“To me, God is cold,” says Wim Hof, the Dutch “iceman” who is making headlines preaching the health benefits of exposure to extreme cold (better focus, sleep, metabolism). He is not alone. Elite athletes regularly take post-exertion ice baths; in spas, cryotherapy is all the rage. Well, planet earth has two real world cryotherapy chambers: the Arctic and Antarctic. More ships than Shackleton could ever have imagined are now taking passengers to both, and not just to ogle glaciers and penguins through binoculars. The new vessels are enabling polar athleticism (or at least plenty of healthful physical activity).
River cruise expert Viking’s first maritime expedition ship, Viking Octantis, lets you explore Antarctica and the Arctic with skis, snowshoes, and trekking poles.
When Seabourn Venture sets sail in the Arctic this July, excursions around the Svalbard Archipelago, the world’s northernmost bit of inhabited land, will take place above water (sea kayaks, Zodiacs) and below (scuba diving and even a sub-marine”).
Aurora Expeditions’ Sylvia Earle will have you ski-touring alpine bowls, ice-climbing glaciers, and snorkeling Antarctica’s frigid waters. (Shackleton would surely have abstained.)
Late last year, Ponant launched the first passenger ship able to reach the true geographic North Pole, a luxury hybrid electric vessel called Le Commandant Charcot, tricked out with Bond-style toys including a hovercraft for spying on polar bears and breaching minke whales. (Plus: two Ducasse restaurants, an indoor saltwater pool with a current for swimming laps in place, and a snow room with fresh powder—to get colder still.)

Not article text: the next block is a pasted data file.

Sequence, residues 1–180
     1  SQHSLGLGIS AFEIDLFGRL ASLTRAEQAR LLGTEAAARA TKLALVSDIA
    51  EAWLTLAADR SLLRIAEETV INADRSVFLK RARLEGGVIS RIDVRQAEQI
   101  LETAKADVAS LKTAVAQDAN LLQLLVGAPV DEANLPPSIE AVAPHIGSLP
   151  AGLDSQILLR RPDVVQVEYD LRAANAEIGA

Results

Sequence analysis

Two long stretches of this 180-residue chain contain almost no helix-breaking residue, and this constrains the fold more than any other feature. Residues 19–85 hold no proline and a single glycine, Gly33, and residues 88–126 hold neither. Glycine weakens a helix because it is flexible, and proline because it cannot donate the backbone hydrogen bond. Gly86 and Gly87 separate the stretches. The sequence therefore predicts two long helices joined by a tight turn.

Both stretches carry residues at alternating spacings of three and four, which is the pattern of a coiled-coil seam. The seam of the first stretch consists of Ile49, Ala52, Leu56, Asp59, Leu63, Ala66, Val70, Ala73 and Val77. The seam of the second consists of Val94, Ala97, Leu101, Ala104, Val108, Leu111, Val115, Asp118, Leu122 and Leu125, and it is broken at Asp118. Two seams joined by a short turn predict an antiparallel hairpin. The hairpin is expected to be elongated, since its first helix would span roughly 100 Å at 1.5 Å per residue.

The new National Geographic Resolution, from Lindblad, and its sister ship, Endurance, offer plant-based menus, ocean-view yoga studios, and on-board glass-domed igloos for sleeping under the polar stars.
If all this makes you feel the call of the cold, but you’d rather not endure the Drake Passage crossing to Antarctica, Silversea’s Silver Explorer has a fly/cruise program— just fly over it. In business class. And board the ship in Antarctica.
T&C Tip: For unbiased advice on the best expedition boat for you, and to book your polar cruise, contact Ashton Palmer of Expedition Trips, Ashton@ExpeditionTrips.com.
This story appears in the April 2022 issue of Town & Country. SUBSCRIBE NOW
You Might Also Like